I had tried to come to Portugal once before. Early morning fog delayed my flight to Stansted by three hours and I missed the close of check-in by two minutes for my onward flight to Faro. I called my friends in Lisbon from a food court in Victoria and ended up with relatives in Southend for the rest of the week, eating whelks, hiding from the December cold in shopping centres and walking on the pier. It wasn't exactly what my (soon to be ex-) Korean girlfriend had in mind. Compared to that, a bit of snow on the runway and a one-hour delay didn't bother me in the least.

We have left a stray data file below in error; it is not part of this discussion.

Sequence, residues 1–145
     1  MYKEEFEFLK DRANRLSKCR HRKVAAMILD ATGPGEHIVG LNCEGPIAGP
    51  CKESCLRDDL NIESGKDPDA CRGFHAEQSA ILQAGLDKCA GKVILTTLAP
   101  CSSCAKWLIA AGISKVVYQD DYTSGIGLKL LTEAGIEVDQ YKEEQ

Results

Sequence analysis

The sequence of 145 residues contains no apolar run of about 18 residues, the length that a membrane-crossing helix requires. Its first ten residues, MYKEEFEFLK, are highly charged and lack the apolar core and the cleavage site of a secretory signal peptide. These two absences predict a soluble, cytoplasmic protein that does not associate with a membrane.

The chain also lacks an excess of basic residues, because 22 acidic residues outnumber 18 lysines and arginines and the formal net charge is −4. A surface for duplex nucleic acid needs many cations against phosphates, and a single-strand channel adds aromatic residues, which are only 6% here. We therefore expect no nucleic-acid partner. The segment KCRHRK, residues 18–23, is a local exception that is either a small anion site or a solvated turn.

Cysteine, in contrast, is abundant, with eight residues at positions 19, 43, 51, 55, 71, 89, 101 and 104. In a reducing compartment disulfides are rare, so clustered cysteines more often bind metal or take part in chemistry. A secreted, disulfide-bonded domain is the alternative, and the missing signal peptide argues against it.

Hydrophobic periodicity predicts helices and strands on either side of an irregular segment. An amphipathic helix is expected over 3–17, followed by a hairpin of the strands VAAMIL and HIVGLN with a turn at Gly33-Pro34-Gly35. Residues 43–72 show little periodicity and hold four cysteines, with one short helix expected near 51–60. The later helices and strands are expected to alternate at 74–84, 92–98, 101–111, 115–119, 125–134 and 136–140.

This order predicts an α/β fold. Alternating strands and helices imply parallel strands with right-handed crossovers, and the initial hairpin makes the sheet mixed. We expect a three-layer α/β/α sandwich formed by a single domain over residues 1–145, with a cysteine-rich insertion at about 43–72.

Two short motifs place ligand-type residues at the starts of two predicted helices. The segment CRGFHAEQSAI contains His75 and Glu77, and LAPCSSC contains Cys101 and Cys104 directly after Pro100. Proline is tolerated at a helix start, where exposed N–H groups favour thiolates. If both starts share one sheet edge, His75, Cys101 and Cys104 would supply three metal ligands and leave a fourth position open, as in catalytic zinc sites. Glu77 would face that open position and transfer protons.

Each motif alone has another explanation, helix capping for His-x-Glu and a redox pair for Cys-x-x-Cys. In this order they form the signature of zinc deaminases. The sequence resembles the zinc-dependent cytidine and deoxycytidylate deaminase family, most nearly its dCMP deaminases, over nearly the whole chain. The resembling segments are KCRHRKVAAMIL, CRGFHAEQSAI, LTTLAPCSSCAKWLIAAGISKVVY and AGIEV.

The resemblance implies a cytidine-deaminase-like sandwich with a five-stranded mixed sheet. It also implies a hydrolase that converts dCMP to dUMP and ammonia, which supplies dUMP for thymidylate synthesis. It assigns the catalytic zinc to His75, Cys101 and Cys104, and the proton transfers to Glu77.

Dropping out of the clouds, we came in over horizontal black mudflats, cut through by channels in the shape of lightning bolts. It was a chalky blue day, like late-September in England but with wind whipping back the palm trees. As we landed the sun came out; there was an announcement of a further delay to the Liverpool flight in what sounded at first like Bulgarian spoken fifty percent through the nostril.
I took the bus into Faro, bought a train ticket and killed an hour among the whitewashed buildings and orange-tree lined squares of the Old Town. The shopping streets had lengths of red carpet tacked to the cobbles, used by pedestrians and cars. At five o'clock I was on the train, heading north.